Moscow (pronounced MAHS-koh) had a parade from the early 1980s until about five years ago, when the highway was rerouted, blocking the parking lot where it had started, said Jerry Schutz, who for about 15 years was a board member for Moscow Mardi Gras Inc.
The Russian capital (MAHS-cow) also celebrates the holiday, known there as Maslenitsa, or Blini Week. For 85 years, there was little or no public celebration, but an advertising firm took it up in 2002. "The people are letting the long-annoying winter out and the long-awaited spring in," the "Maslenitsa Pride" Web site states.
Cold is the reason that Chicago's Karnevalsgesellschaft Rheinische Verein, established in 1890 by German immigrants, has never held a parade, spokesman Hans Wolf said. It has held a masked ball every year since then, even during World Wars I and II.
Nobody's really sure just when Cajun towns began the "courir de Mardi Gras," costumed men riding from farm to farm to sing, clown and collect ingredients for a communal gumbo, says Larry Miller, an instrument-maker and amateur folklorist.
He said the courir in Tee Mamou ("Tee" is the Cajun shortening of "petit," or "little"; Mamou, sometimes called Big Mamou, is in another parish) just west of Iota has been studied by many folklorists because its song and other traditions, handed down in the same families for generations, are well preserved.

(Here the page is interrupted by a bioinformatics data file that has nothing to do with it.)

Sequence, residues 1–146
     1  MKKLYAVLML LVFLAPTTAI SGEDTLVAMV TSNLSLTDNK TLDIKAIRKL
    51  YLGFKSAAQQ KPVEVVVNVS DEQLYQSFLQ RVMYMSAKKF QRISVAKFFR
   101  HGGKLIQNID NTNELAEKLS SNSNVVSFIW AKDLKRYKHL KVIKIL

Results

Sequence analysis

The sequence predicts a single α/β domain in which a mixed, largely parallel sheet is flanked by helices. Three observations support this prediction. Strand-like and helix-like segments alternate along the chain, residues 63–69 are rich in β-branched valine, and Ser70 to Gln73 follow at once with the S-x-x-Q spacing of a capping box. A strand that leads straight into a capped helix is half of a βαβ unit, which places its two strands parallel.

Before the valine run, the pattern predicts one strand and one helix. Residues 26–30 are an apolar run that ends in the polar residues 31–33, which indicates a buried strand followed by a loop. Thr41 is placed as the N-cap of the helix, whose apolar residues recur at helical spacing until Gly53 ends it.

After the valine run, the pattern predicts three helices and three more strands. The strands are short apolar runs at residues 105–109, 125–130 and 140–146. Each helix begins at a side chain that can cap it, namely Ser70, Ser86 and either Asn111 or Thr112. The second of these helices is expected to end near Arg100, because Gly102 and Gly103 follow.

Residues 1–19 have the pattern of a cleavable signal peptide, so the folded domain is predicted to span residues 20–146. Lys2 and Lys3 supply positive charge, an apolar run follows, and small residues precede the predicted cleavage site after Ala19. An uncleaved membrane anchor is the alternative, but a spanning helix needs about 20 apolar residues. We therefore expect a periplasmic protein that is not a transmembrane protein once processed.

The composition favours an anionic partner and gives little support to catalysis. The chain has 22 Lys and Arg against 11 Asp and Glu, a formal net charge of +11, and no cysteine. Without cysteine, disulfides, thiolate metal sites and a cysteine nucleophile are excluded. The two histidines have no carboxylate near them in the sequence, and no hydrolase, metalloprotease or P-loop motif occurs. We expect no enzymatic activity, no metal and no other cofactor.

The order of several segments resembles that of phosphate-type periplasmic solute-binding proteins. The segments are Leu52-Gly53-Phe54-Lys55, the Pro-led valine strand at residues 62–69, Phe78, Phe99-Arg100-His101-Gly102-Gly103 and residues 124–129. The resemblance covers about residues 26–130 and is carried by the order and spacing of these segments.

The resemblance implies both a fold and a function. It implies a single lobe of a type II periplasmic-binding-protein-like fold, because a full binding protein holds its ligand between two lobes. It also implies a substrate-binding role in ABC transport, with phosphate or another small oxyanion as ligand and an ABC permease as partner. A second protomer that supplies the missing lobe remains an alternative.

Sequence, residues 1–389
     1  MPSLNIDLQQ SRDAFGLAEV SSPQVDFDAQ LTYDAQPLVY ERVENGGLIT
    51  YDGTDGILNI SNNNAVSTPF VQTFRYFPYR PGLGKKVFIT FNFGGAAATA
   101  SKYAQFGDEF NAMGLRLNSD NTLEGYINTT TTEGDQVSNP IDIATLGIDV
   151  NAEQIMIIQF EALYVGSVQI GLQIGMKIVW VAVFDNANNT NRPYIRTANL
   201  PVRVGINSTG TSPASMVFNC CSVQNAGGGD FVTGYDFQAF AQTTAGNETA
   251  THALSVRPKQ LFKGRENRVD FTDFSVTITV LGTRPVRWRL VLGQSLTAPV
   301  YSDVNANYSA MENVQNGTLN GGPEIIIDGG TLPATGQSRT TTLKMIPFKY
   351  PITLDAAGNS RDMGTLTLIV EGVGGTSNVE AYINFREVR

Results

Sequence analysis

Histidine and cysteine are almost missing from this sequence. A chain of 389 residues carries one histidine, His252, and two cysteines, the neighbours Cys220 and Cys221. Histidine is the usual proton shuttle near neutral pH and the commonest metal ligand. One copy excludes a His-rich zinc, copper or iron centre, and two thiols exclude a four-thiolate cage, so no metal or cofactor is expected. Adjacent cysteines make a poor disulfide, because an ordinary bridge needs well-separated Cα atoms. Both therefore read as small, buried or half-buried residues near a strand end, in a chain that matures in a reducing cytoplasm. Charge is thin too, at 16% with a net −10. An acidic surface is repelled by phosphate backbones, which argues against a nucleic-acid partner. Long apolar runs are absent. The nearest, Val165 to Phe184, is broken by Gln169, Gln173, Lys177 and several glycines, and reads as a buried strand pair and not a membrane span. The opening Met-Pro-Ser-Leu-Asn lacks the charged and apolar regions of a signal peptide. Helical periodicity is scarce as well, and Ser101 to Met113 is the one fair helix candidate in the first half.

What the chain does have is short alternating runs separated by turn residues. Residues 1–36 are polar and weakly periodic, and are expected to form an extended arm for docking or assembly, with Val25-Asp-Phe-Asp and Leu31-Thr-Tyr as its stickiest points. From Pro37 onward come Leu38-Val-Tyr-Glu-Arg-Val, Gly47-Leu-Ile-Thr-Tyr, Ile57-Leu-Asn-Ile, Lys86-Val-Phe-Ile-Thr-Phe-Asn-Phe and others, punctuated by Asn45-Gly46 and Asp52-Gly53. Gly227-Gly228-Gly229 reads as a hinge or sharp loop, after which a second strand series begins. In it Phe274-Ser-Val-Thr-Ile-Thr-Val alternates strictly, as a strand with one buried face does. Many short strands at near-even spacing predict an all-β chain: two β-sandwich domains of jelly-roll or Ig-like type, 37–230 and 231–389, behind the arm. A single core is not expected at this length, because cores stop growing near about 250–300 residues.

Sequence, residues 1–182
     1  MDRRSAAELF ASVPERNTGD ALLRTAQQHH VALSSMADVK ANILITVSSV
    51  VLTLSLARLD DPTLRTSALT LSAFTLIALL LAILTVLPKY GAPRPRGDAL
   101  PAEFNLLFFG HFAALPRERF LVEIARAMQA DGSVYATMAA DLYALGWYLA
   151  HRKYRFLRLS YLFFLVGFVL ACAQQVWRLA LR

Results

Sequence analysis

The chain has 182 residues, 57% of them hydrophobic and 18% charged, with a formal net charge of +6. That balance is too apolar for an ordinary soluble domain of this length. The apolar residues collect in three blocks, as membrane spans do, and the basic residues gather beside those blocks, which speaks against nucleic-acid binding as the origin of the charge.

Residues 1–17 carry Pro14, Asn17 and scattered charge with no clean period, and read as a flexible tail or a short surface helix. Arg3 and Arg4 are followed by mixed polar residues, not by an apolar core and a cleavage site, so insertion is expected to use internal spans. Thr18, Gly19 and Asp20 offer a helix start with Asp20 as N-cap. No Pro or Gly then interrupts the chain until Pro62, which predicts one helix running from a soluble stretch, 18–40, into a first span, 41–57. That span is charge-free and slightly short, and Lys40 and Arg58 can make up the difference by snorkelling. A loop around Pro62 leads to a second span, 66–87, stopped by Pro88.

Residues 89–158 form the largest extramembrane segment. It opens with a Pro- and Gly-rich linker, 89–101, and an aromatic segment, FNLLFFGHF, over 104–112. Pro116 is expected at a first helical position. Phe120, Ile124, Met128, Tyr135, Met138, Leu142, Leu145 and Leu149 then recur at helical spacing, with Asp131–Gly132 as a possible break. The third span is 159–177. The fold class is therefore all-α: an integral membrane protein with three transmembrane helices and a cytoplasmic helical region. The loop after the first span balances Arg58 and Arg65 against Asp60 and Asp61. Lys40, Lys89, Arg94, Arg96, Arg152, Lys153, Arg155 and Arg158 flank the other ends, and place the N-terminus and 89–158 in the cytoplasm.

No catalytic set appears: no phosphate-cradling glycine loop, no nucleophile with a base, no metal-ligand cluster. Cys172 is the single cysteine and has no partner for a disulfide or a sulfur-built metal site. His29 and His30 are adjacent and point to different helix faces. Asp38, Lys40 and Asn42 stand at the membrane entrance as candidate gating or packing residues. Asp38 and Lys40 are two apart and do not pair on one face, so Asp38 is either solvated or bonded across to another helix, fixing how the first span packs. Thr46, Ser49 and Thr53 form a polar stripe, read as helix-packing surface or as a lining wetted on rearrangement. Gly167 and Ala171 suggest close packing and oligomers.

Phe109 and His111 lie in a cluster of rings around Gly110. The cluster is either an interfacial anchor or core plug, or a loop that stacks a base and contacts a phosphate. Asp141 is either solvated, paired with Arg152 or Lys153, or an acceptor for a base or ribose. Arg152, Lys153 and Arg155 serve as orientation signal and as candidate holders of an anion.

It has one non-traditional tradition: the Mardi Gras, as the costumed riders are called, ride in trucks rather than on horses.
"Tee Mamou never stopped running during World War II. Since there were not enough horses, they resorted to wagons and trucks and trailers," said Miller. That enabled each participant to come up with required fee — $2 in those days, now $15 — without having to own a horse, Miller said. "If you're required to have a horse, it's too expensive for the average person."
On the Net:
Sydney, Australia: http://www.mardigras.org.au/
Tee Mamou: http://www.iotamardigras.com/main.html
Japan's foreign minister expresses displeasure over U.S. resolution on WWII sex slaves
The Associated Press
Monday, February 19, 2007
Foreign Minister Taro Aso expressed displeasure Monday over a proposed U.S. congressional resolution seeking Tokyo's apology for the Japanese army's practice of forcing women to serve as sex slaves during World War II.